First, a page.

By today’s standard, indeed any standard, such abuse of alcohol is no laughing matter. I distinctly remember alcohol-related automobile fatalities every year, usually in the winter driving back from some women’s college. Fortunately we didn’t kill anyone else, just ourselves, but the pressures of the curriculum, isolation and release from rigid parental control on a basically macho culture had a very predictable overreaction.
The curriculum was tough. Weekly 1,000-word themes, prodigious reading and merciless grading led to an academic warning rate of 40 percent in our freshman year. I soon learned that I was extremely competent in a foreign language called jargon. We were on the honor system and took it very seriously.
We were compelled to take four years of public speaking, which, although fear inducing, most of us feel was probably the most valuable part of our education. Swampy Marsh’s comment on Ed Chaitman’s first presentation was, “We must work on your regional difference, Mr. Chaitman.” Chaitman is from Forest Hills. Swampy retired in our senior year after 40 years on the Hamilton faculty.
Freshman Chemistry brought pre-med dreams back to reality with a crash. The famous student quote was, “On the first day, Professor Yourtee walked in the classroom and said, ‘Good morning class,’ and those were the last words I understood.” But the real test of the pre-meds was Quantitative Analysis and we all knew it. Careers hung in the balance.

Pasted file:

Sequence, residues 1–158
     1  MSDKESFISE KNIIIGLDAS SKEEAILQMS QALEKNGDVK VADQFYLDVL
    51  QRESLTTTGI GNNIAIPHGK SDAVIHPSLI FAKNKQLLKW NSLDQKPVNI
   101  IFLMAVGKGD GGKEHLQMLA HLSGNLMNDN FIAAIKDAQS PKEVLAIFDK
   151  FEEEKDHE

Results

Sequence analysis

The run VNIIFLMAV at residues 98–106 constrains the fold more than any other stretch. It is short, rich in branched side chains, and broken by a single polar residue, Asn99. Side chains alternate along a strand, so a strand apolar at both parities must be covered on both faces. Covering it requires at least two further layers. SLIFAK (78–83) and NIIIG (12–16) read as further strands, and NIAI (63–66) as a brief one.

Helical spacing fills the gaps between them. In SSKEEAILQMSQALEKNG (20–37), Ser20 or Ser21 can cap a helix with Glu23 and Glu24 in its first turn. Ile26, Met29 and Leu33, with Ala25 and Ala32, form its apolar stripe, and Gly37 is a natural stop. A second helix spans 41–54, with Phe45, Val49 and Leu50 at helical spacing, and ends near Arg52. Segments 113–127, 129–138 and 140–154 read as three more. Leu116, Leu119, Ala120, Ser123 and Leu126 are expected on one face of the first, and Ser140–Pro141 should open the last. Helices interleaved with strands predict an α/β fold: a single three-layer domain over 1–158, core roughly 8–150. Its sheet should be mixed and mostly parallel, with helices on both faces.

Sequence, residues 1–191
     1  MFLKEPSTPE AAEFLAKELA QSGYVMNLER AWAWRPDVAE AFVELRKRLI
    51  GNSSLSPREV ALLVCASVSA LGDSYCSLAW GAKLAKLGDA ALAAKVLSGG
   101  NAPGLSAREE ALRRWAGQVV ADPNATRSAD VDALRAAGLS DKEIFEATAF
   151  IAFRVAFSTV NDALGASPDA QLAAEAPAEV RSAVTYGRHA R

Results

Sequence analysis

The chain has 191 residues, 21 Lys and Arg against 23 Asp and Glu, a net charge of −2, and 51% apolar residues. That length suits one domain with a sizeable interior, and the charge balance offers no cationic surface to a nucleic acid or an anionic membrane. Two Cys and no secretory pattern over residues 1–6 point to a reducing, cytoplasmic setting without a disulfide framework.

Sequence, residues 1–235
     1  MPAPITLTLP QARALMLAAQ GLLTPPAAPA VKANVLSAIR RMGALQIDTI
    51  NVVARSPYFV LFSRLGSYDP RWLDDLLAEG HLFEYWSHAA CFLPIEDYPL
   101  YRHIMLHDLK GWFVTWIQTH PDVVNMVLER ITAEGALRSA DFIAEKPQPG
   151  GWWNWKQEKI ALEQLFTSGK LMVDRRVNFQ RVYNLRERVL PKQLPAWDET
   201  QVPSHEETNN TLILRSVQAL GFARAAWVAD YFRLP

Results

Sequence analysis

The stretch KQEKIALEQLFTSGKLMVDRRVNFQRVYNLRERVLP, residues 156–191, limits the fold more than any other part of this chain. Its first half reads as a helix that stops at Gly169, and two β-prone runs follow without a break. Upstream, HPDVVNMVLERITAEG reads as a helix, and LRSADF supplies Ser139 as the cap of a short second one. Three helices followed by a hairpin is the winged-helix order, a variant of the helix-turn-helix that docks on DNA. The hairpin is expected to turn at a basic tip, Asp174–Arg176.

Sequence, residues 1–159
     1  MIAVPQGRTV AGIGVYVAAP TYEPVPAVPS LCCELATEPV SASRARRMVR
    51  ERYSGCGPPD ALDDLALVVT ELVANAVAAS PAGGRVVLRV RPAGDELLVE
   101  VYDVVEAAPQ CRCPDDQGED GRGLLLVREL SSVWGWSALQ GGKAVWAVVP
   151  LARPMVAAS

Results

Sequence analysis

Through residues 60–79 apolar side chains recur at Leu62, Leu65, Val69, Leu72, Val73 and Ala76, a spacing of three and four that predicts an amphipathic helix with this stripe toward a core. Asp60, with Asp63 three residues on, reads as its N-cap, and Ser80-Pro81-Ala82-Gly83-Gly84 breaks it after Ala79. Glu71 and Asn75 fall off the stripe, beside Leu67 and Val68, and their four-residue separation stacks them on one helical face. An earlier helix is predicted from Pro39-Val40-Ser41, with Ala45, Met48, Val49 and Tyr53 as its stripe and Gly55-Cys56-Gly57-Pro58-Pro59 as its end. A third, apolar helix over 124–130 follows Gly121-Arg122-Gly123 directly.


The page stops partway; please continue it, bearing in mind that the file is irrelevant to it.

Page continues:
There was an arduous experiment which produced a yield that looked and smelled exactly like cookie crumbs. As a joke, I carefully weighed out some real cookie crumbs and presented them to Dr. Cratty for extra credit. Only then did I realize that a confession would be equally as embarrassing for him as for me. At least that is the way I rationalized my silence. This was not to be the end of my life of academic crime. Stay tuned.
As an atheist, the most grueling requirement for me was compulsory chapel. The student handbook described the chapel services as non-denominational. I soon realized that my definition of non-denominational and Hamilton’s differed widely. I was more at home with Jewish services, student led, in the basement of Clinton’s Methodist church. This brings me to another confession. But to understand the context, I have to acquaint you with one of the cast of campus characters otherwise known as the faculty.